The mosque is said to be erected without foundations. As one enters the neatly cut red sandstone large and majestic gateway entrance with a hollow concavity, once faces the large rectangular open courtyard with the double storied madrasa rooms on three side and the 3 arched mosque flanking the fourth side, directly opposite the gateway. A hemispherical dome topped with a Mughal-styled filial sits on the central of the 3 arches. Inside, the prayer chamber consists of five compartments, and the central one is the most beautiful, however, only faint remnants of multi colored paint and tile work remains on the central mihrab. The mosque is still functional, though in limited use. A well on the right is still being used by the faithful for ablutions. 400 years back , the small cell-like rooms in the now ruined madrasa must have housed the small boys whose young voices must be filling the courtyard with their loud recital of Koranic scriptures.
A marble slab fixed on the central arch reads in Persian:
“ In the time of Jalaluddin Mohammed who is the greatest ( Akbar ) of just kings, When Maham Anagah, the protector of chastity, created this buiding…”
After defeating Humayun in 1540, Sher Shah Suri demolished and re-used the materials from the cities of Dinpanah, Feroz Shah Kotla, and Siri, and raised his new city, SherGarh “the abode of the Lion”. While his Qila is enclosed by three gates referred to as the Bada Darwaza, Talaqi Darwaza and Humayun Darwaza; the outer city in front of the fortress was demarcated by few more gates, such as the Lal Darwaza, and Kabuli Darwaza.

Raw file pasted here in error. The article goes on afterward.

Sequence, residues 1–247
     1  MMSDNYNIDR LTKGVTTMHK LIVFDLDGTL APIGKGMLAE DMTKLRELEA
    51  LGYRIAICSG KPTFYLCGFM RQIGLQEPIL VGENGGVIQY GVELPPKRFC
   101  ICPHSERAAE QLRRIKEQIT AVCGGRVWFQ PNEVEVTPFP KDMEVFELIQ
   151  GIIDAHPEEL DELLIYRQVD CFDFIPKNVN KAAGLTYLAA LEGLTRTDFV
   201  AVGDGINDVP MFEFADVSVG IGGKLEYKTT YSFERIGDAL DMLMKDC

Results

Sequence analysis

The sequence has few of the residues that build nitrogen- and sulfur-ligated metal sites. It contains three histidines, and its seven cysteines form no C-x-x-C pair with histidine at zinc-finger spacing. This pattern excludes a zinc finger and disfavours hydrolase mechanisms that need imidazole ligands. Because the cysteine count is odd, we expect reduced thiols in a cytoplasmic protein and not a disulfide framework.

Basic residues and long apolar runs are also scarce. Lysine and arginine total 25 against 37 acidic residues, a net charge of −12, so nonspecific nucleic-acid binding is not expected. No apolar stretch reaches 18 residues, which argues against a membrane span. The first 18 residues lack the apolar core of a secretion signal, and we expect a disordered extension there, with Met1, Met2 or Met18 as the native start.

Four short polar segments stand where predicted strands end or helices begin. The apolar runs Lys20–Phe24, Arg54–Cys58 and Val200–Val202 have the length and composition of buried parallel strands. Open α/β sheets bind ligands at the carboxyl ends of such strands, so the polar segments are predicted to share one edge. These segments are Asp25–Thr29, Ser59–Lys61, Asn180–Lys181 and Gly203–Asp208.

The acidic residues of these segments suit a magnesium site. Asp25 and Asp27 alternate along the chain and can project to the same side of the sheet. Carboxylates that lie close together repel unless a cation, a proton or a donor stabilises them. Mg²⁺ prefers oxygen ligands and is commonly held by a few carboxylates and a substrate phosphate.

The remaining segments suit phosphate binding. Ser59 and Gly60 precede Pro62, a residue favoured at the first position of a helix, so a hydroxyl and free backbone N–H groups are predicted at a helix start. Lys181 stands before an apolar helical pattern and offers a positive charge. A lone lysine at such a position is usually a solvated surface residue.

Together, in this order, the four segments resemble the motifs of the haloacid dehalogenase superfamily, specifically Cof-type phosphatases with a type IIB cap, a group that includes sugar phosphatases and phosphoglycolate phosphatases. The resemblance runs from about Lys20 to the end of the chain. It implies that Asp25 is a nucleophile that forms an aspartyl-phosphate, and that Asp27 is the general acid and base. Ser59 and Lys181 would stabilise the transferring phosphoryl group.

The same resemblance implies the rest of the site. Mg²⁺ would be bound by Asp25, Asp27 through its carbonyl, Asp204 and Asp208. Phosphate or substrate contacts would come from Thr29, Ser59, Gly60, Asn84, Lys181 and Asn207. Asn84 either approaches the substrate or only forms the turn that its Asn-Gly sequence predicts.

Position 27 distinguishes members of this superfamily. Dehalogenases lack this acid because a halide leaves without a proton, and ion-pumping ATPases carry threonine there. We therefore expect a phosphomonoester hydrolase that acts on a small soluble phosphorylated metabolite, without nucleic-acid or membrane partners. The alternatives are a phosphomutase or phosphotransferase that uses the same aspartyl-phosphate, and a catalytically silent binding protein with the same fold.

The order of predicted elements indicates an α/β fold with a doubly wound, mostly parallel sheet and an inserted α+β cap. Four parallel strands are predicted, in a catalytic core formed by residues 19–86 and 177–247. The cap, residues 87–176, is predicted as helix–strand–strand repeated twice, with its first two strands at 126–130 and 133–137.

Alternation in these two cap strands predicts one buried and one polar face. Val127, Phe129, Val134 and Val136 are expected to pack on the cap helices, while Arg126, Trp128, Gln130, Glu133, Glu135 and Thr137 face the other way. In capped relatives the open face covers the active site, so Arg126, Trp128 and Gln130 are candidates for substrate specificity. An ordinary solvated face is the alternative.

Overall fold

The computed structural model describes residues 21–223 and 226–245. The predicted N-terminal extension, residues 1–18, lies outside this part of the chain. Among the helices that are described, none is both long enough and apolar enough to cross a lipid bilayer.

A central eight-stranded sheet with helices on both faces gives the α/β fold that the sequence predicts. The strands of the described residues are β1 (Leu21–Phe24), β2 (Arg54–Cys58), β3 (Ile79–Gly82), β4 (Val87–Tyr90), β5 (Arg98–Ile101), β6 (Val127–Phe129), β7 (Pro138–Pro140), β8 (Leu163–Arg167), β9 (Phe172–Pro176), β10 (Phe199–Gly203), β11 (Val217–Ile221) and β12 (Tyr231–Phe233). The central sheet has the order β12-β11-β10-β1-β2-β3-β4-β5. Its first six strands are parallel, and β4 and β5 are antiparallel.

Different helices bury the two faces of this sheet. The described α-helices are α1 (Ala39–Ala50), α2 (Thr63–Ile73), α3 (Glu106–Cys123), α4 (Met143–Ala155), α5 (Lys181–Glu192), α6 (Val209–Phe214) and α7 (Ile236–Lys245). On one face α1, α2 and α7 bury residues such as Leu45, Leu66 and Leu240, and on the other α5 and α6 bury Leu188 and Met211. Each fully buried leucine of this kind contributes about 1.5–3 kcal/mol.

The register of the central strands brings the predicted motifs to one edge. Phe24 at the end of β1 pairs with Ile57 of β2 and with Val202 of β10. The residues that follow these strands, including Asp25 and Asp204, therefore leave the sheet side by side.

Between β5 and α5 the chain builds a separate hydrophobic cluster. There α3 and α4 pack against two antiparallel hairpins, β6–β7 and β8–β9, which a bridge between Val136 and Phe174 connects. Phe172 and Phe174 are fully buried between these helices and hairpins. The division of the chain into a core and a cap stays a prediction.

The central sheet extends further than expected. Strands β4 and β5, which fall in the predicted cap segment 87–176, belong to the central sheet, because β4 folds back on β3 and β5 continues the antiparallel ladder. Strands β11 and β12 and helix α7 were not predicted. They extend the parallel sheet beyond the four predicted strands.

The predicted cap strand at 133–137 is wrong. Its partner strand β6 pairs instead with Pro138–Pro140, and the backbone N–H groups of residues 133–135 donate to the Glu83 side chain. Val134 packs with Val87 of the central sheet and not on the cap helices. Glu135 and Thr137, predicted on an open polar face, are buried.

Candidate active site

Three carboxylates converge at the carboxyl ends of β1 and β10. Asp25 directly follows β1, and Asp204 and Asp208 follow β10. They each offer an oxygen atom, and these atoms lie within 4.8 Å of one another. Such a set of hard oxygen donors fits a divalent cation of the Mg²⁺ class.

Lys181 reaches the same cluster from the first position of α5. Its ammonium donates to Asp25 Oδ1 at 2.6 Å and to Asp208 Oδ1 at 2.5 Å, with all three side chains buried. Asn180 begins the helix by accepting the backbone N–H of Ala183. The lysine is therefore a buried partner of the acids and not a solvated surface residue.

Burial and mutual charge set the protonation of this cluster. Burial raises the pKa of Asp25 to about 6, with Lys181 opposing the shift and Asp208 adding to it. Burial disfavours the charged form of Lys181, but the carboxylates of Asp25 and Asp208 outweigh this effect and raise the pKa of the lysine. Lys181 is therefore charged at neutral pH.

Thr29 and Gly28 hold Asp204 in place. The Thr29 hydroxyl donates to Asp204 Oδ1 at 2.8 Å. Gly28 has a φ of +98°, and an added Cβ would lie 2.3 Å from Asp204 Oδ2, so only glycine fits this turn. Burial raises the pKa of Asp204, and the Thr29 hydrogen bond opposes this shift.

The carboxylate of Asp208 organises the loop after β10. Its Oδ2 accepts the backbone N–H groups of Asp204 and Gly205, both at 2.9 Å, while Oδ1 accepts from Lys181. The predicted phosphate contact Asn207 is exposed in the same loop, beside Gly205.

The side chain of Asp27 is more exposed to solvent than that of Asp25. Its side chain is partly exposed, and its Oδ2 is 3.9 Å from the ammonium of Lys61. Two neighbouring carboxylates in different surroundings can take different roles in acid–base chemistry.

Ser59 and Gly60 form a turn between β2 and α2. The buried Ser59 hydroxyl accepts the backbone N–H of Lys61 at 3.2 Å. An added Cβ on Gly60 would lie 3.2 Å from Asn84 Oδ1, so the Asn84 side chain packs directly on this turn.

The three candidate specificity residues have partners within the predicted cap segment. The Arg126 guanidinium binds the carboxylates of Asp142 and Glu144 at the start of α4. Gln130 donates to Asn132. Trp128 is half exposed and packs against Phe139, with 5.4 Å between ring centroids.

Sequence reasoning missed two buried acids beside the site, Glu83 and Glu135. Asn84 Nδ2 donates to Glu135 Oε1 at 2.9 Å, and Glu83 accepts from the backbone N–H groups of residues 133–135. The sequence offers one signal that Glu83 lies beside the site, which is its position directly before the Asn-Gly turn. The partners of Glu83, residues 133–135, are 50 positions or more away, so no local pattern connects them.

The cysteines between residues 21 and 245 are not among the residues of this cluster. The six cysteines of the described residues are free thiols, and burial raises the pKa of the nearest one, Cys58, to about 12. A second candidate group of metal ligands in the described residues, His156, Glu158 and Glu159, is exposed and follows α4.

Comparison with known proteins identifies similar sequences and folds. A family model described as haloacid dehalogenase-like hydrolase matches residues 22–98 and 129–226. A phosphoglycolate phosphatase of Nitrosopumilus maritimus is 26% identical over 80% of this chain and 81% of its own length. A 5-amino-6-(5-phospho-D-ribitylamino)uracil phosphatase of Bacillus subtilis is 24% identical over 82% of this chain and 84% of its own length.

The intricately adorned red-and-white Lal Darwaza made from red sandstone and grey quartzile, marked the southern entry to the city, while the Kabuli Darwaza marked the northern periphery of the city boundary. At the Lal Darwaza, rows of arcades lined both sides of a road built from the gate into the city, and they were possibly housed a bustling bazaar. The gate is flanked on either side by walls and bastions. Merlons with loopholes adorn the top of the gate as well as the rounded bastions in the wall curtain.
Though ruled for 5 short years till 1545, Sher Shah is referred to as a “Nation Builder” with a rare foresight. Administratively speaking, he set up the foundation of governance upon which Akbar built his super structure. While Babur and Humayun did not have much time to carry out any long term constructive planning, Akbar – no doubt the greatest ruler of the Mughal empire – heavily borrowed many executive policies from Sher Shah. It is doubtful if Mughal empire could have re-establish itself in India from 1555, had Sher Shah continued for a longer period. Sher Shah was killed in 1545 during the siege of Kalanjar.
Apart from laying the massive highway from Chittagong in Central Bangladesh to Kabul for tax free trade, dotted with caravanserais and shady resting stops along the road, establishment of postal and tri-metal currency systems; he started governance initiatives such as religious tolerance, an impartial justice system, provincial government structure, and a land revenue system.